How to kill the OSS RFP (part 4)

This is the fourth, and final part (I think) in the series on killing the OSS RFI/RFP process, a process that suppliers and customers alike find to be inefficient. The concept is based on an initiative currently being investigated by TM Forum.

The previous three posts focused on the importance of trusted partnerships and the methods to develop them via OSS procurement events.

Today’s post takes a slightly different tack. It proposes a structural obsolescence that may lead to the death of the RFP. We might not have to kill it. It might die a natural death.

Actually, let me take that back. I’m sure RFPs won’t die out completely as a procurement technique. But I can see a time when RFPs are far less common and significantly different in nature to today’s procurement events.

How??
Technology!
That’s the answer all technologists cite to any form of problem of course. But there’s a growing trend that provides a portent to the future here.

It comes via the XaaS (As a Service) model of software delivery. We’re increasingly building and consuming cloud-native services. OSS of the future, the small-grid model, are likely to consume software as services from multiple suppliers.

And rather than having to go through a procurement event like an RFP to form each supplier contract, the small grid model will simply be a case of consuming one/many services via API contracts. The API contract (eg OpenAPI specification / swagger) will be available for the world to see. You either consume it or you don’t. No lengthy contract negotiation phase to be had.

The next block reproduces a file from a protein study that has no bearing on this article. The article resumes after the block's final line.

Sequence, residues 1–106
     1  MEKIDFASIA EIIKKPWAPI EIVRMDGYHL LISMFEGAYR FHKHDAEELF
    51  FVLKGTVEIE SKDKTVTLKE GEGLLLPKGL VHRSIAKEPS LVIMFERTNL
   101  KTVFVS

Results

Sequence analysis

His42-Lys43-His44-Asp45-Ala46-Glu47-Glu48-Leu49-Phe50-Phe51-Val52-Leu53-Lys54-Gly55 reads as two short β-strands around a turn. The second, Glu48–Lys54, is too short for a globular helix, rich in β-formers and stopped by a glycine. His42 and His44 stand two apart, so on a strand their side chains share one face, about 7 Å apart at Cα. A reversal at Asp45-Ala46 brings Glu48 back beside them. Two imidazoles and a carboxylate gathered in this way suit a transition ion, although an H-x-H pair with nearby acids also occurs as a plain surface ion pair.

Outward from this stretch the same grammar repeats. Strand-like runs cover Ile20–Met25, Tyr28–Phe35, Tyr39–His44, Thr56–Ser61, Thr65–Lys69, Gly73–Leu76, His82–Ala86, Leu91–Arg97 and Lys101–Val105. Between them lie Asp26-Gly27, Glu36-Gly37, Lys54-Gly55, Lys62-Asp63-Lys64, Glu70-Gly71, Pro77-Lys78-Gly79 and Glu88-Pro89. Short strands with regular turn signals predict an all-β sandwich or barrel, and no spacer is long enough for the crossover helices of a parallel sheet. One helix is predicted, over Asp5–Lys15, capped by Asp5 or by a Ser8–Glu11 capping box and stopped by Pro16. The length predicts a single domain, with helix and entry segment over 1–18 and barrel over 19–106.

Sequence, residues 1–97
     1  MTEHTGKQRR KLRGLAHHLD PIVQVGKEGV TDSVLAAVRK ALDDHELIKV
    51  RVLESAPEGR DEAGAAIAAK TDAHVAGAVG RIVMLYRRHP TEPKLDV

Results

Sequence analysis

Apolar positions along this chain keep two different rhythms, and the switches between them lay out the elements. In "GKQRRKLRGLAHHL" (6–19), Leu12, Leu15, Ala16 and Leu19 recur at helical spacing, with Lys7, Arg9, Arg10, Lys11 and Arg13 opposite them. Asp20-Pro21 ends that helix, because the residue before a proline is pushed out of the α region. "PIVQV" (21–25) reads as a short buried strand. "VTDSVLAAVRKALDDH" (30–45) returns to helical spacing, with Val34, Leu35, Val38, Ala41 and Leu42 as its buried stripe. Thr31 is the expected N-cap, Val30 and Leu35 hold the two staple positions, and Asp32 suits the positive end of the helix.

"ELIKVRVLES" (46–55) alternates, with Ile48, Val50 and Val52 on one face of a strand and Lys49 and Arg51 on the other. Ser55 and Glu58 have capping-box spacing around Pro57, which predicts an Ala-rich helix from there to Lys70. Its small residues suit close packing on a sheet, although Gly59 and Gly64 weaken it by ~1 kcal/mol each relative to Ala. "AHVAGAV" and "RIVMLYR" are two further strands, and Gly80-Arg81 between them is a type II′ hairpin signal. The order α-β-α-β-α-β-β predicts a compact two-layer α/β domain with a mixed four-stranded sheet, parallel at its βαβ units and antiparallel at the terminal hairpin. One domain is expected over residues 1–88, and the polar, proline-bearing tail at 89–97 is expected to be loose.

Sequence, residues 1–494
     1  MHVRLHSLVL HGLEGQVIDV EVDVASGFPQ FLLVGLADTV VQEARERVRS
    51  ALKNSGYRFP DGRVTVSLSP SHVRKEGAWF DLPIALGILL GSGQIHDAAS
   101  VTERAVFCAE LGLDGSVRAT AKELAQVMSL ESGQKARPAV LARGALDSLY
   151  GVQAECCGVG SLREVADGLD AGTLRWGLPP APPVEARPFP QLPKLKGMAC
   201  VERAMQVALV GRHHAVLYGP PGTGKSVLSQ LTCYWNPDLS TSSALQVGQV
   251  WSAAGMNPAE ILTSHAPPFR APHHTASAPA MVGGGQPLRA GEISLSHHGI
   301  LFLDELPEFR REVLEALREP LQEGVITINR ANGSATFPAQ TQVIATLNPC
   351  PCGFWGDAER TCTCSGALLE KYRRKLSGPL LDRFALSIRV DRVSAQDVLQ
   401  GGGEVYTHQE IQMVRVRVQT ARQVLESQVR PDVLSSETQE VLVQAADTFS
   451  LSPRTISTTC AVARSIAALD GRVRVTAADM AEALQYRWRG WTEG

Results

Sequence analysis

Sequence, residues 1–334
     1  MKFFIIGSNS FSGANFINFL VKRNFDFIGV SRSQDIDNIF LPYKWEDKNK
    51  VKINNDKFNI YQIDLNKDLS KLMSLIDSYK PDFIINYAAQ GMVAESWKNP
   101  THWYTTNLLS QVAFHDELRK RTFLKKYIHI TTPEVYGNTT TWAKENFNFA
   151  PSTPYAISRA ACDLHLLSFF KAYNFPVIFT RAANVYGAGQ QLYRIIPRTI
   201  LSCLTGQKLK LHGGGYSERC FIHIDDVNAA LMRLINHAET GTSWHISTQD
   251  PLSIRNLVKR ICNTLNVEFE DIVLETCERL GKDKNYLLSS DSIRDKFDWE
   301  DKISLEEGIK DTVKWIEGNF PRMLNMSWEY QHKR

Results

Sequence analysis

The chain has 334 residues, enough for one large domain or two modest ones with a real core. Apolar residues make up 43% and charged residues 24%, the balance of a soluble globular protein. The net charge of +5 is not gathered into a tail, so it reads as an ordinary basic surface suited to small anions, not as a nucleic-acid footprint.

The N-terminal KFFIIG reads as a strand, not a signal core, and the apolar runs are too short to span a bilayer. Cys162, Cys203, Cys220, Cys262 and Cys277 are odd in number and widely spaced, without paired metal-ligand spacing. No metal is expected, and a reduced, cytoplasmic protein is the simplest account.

Now as mentioned above, the RFP won’t die, but evolve. We’ll probably see more RFPs formed between customers and the services companies that will create customised OSS solutions (utilising one/many OSS supplier services). And these RFPs may not be with the massive multinational services companies of today, but increasingly through smaller niche service companies. These micro-RFPs represent the future of OSS work, the gig economy, and will surely be facilitated by smart-RFP / smart-contract models (like the OSS Justice League model).

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One thought on “How to kill the OSS RFP (part 4)

  1. “You either consume it or you don’t. No lengthy contract negotiation phase to be had.”

    Sounds utopian! But would it be good news for the OSS vendor? For this sort of business model, the OSS functions – and the surrounding service/SLA/Ts&Cs – would have to be totally commoditized. If the product being offered isn’t a commodity, the purchaser will want to go through some evaluation, negotiation over the service, red-line the Ts&Cs.. etc etc.

    General, established vendors don’t like the idea of becoming a commodity. It makes it hard to justify high prices, and difficult to differentiate.

    But maybe that’s where at least some OSS functions need to end up today? Deliver the functionality, and differentiate on things like efficiency, and good ol’ customer support.

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